|oil on board 2016|
|pencil sketch, 1952|
|oil paint sketch circa 1999|
Is an (visual) artist anyone who makes marks on paper, canvas, walls, floors with paint, pencil, pen or anything else?
One does not have to have an official certificate to call oneself an artist. In San Miguel de Allende, where I have lived for 13 years, it seems anyone can step off the plane, move into San Miguel and call themselves an artist. I personally know several who have done that. People perhaps are re-inventing themselves from a career in accounting, teaching school, real estate, etc. and are inspired by the big, thriving arts community here. One woman, a successful writer of books on behavior of children told me, " I have decided to be an artist". I sat next to her in a life drawing session and could not believe what she was producing. In my opinion she couldn't see, draw or begin to understand the human body. She was happy and satisfied.
There is nothing wrong with that and I personally have taught hundred of people the encaustic technique. Almost all had fun, some serious ones took up encasustic painting and others were entertained by moving the colored wax with the heat source.
I believed that one needed to earn the title of artist. I loved my classical training where we were only allowed to work in black and white the first semester and draw, draw, draw, until it was perfect.
When I was five years old, I decided that I would be an artist. I drew every spare moment. Visiting the Chicago Art Institute as a little girl, I remember sitting in front of Flemish still life’s, enraptured with the sensuousness of the paint, the color, and the depth of feeling the paintings provoked in my young mind. I told myself that someday I would be able to create similar work. There was no doubt in my mind.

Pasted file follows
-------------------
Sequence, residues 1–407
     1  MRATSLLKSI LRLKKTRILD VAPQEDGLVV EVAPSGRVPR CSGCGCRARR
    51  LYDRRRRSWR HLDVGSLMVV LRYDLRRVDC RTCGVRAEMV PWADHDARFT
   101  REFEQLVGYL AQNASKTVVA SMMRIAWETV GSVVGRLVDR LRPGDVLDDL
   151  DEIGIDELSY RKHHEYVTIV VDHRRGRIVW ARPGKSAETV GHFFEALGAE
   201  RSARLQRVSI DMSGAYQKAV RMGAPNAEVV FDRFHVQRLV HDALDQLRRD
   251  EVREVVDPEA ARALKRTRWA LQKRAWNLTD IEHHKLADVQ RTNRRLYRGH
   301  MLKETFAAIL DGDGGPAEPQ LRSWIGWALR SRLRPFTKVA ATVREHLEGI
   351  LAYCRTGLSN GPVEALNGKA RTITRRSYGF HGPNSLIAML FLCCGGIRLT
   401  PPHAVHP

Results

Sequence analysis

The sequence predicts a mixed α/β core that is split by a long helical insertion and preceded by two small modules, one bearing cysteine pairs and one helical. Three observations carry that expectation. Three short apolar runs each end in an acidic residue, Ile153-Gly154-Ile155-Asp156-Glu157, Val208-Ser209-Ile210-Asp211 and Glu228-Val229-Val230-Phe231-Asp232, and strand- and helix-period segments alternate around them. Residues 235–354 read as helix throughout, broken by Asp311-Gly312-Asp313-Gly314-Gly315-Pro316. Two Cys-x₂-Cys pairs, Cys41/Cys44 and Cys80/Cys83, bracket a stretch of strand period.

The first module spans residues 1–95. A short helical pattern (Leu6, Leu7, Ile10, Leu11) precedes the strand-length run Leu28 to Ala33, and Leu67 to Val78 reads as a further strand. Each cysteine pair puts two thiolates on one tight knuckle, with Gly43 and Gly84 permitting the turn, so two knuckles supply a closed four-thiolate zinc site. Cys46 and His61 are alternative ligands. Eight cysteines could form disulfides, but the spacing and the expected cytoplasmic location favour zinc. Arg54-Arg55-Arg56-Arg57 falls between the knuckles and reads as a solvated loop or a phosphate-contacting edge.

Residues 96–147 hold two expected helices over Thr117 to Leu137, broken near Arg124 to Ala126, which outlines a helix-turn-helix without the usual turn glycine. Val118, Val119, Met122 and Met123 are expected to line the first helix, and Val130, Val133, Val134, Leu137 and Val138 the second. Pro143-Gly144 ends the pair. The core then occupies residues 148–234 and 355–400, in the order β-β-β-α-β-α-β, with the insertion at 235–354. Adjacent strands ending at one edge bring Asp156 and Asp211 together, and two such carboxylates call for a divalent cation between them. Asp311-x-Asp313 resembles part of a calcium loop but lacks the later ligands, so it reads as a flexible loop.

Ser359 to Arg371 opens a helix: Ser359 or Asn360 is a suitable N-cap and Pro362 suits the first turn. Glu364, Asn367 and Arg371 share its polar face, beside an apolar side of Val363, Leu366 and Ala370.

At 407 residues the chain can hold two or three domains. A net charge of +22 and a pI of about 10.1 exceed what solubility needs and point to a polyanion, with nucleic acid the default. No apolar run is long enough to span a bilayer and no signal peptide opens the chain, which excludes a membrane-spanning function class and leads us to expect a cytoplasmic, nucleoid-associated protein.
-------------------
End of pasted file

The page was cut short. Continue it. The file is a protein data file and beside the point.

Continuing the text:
As a child I occupied my days with my own creativity – drawing, painting and writing stories. In grade school, I ignored the arithmetic assignments. The schoolwork wasn’t my reality. All I wanted to do was draw.
Oil painting classes started when I was a pre-teen, and I fell in love with the smell of the paint. I couldn’t imagine why other people didn’t see what I saw, or weren’t as ardent about making art.
I married before I finished my last year of art school and I began working for two publishing companies, making tiny illustrations of oil wells, haystacks and other symbols for school maps. I illustrated children’s stories for the second publishing company, but was fired when I became pregnant with my first child.
During my second marriage, I went back to art school and continued to paint. It was challenging. I felt as if there were conspiracies against me. My parents, husband, and various people in the community told me to get a real job,
The passing years tested my self-confidence. I wondered if I could really call myself an artist - could I create anything of value to humanity or even to my community? I judged myself harshly and “gave up painting forever and ever” at least once a year, but always came back to start a new series. To call myself an artist I believed was an honor to be earned with hard work, the ability of creating what has not been made before, sacrifice, dedication, and daily work. Learning to trust my inner direction rather than clinging to intellectual reasoning was my greatest lesson in art and in life.
It now is 62 years since I had my first professional art job and I am still learning. I make art, teach and sell my work. I believe now I am qualified to call myself an artist.
|My first real abstract. Casein on illustration board, 1953|